I suppose if you’ve already carved up your city with a twelve-lane expressway, then re-dedicating some of the lanes to express buses is not a bad way to improve the mobility of the carless. But it’s not the sort of thing you’d want to build from scratch.

The commenter seems to be saying, if you’ve already destroyed your city with bad urbanism, then building some new thing which is slightly less horrific could be a step in the right direction — but I’m with JHK on this point — we have to do things right, not just less wrong:

And in fact, the remedy for wounded and mutilated urbanism is good urbanism, good buildings.

Which brings us to the latest pro-BRT video from Streetfilms. I want to compare the urban/walking/biking environment created by BRT (Bus-Sharing) in the town of Guangzhou (pronunciation) to that created by Bike-Sharing in Hangzhou (pronunciation). Both of these cities would be among the top 5 largest cities in America:

Now compare that with the Hangzhou bike-sharing system, as profiled by the often-excellent Al Jazeera English:

These are, of course, not the same systems. The BRT system moves approximately 800,000 people per day, and the bike-sharing system moves 300,000 people per day.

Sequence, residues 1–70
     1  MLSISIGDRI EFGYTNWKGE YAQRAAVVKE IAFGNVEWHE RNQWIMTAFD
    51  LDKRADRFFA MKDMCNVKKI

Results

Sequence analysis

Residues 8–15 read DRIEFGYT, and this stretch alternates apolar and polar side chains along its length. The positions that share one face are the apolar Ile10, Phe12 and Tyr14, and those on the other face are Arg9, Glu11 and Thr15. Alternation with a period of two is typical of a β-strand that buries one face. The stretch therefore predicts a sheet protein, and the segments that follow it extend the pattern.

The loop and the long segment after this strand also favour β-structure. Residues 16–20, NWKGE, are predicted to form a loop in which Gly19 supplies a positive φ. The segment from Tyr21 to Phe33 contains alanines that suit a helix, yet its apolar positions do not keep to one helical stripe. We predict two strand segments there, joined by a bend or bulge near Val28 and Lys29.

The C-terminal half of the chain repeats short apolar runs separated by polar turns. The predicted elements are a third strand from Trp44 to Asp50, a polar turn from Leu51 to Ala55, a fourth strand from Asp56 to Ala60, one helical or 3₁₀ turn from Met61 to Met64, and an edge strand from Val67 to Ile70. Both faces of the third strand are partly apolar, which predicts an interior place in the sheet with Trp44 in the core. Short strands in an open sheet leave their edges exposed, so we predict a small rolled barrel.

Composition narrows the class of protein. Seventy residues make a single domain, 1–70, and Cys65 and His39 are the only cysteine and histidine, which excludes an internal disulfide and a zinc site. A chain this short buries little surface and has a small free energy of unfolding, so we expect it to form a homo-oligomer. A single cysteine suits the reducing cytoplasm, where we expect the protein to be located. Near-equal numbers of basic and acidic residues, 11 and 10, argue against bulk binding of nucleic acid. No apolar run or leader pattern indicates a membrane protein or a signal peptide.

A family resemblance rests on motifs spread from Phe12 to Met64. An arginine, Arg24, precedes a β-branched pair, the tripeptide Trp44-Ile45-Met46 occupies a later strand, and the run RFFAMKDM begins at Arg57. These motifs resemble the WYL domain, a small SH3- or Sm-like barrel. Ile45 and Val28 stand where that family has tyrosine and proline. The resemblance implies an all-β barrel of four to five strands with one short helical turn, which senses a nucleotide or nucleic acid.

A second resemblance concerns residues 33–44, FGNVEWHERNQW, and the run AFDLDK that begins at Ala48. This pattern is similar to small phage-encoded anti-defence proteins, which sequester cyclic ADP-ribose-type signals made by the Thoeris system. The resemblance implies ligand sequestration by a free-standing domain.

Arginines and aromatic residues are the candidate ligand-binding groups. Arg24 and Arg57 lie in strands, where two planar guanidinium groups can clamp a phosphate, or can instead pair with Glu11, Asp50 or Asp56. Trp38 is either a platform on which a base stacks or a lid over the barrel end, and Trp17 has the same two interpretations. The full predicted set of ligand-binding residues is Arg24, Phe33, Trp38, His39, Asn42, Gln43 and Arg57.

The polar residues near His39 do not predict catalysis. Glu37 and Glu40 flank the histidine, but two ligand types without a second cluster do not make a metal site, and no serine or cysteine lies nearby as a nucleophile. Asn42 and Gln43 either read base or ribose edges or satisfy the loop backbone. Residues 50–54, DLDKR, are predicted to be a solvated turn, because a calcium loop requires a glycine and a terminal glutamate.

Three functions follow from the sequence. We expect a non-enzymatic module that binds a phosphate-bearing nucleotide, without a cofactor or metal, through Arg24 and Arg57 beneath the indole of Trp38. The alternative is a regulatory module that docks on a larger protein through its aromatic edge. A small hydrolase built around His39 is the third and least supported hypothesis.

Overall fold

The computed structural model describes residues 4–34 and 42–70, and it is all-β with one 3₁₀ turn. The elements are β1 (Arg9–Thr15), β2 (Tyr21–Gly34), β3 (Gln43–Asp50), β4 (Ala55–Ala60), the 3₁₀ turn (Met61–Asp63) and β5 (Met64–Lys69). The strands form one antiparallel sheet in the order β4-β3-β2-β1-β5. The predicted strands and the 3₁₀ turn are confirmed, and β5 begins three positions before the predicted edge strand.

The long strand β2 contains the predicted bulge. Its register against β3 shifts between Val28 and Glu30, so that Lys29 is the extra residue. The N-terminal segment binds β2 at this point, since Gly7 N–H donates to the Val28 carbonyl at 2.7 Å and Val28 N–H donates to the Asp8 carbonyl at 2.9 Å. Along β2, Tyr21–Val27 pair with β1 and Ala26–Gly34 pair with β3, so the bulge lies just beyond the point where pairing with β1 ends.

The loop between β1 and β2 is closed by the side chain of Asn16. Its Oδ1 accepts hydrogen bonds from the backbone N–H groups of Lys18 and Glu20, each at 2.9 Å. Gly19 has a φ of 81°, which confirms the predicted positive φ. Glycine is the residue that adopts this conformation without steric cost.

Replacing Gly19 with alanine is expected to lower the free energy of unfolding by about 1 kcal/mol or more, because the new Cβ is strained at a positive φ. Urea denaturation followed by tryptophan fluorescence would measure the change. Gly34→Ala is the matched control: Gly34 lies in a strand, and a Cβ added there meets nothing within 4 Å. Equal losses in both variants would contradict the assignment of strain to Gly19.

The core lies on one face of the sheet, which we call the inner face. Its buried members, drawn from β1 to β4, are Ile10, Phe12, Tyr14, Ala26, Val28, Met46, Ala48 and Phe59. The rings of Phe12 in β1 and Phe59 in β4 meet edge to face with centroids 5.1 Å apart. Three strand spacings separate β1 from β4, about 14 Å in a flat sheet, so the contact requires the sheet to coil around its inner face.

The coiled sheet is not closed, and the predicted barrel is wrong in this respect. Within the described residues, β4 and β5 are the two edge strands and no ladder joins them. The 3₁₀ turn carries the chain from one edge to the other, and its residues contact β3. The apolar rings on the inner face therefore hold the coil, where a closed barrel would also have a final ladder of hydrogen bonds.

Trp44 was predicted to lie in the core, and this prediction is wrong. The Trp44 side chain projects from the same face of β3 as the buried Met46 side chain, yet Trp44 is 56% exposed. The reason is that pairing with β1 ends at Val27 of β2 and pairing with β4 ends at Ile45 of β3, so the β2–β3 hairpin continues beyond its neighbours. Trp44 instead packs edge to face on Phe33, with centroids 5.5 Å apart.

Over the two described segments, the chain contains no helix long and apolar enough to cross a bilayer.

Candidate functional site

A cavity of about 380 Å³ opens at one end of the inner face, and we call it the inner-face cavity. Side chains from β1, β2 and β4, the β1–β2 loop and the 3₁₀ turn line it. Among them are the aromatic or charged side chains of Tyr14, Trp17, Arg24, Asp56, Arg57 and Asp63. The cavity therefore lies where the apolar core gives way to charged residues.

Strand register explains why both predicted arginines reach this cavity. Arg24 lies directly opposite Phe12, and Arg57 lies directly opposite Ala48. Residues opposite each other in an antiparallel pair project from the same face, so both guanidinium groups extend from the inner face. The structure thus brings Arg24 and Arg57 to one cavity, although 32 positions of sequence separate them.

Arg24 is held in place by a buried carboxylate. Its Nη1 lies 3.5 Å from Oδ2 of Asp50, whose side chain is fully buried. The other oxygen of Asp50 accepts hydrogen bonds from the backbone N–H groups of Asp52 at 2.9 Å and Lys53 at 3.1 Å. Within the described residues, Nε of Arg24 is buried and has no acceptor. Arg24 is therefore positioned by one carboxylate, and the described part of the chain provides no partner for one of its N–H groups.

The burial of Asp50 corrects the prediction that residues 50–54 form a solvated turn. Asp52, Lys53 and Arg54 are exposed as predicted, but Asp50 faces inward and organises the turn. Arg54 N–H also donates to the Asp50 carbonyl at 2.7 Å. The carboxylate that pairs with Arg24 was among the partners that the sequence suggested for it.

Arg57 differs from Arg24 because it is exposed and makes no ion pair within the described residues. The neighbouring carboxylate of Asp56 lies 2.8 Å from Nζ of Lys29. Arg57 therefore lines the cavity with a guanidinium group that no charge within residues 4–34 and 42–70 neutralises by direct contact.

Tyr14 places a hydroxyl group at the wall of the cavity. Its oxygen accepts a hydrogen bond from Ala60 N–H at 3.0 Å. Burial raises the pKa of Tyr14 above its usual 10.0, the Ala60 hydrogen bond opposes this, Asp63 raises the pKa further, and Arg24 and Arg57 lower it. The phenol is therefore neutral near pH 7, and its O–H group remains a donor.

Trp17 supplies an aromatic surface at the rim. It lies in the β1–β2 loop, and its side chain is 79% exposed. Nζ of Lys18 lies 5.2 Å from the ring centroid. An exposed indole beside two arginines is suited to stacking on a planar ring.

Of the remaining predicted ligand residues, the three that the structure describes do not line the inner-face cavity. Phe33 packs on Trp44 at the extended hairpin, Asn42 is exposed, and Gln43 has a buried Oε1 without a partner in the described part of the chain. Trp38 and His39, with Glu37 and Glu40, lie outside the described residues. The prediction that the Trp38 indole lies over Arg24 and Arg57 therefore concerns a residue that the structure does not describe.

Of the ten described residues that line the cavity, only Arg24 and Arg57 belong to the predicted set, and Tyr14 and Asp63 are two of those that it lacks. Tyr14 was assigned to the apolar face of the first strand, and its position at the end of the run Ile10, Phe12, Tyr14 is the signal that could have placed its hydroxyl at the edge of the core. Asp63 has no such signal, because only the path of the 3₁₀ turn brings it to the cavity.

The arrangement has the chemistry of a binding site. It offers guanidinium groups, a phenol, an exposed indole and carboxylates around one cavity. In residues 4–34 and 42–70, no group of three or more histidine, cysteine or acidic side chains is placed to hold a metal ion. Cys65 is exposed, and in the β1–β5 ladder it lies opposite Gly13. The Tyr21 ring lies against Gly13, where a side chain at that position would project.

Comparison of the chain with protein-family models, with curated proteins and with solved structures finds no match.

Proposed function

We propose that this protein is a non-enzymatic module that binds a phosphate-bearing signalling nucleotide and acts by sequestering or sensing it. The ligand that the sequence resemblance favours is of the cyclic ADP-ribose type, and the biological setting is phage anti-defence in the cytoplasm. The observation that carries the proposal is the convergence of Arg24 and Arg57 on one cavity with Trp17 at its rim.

And we should keep in mind that China was once known as the “Kingdom of Bicycles” for a reason. There are all sorts of quotes from leading politicians over the years, even some Americans, who have gone to China and come home proclaiming how awesome bikes are and how everyone should have one, etc. — however, any American politician hoping to further their political career would have been quickly reigned in by Detroit.

A new study on the Hangzhou bike-sharing scheme says the following (pdf):

Abstract: Over the past 20 years, China has experienced a steady decline in bicycle use. To address this trend, China’s central and local government for urban transportation created the “Public Transit Priority” to encourage public transport initiatives. As part of this effort, the Hangzhou government launched “Hangzhou Public Bicycle” in 2008. This service allows members to access a shared fleet of bicycles. As of March 2011, it operated 60,600 bicycles with 2,416 fixed stations in eight core districts.

Yes, some of the numbers coming out of China are truly astounding. But don’t lose focus — keep your eyes on the prize — do you want your town to look and feel and consume energy like the dystopia that is Guangzhou, or do you want to live some place with at least a trace of greenery and calmness and livability like Hangzhou?

I’m not the first to suggest that BRT should be promoted as Bike Rapid Transit, not Bus Rapid Transit. Of course, the largest oil and gas and car and bus companies in the world are not going to be interested in pouring millions of dollars into advocacy efforts aimed at promoting non-motorized transport, but we shouldn’t be disheartened — bicycles are near-perfect working machines — all we have to do is tell people about it, and organize them around it.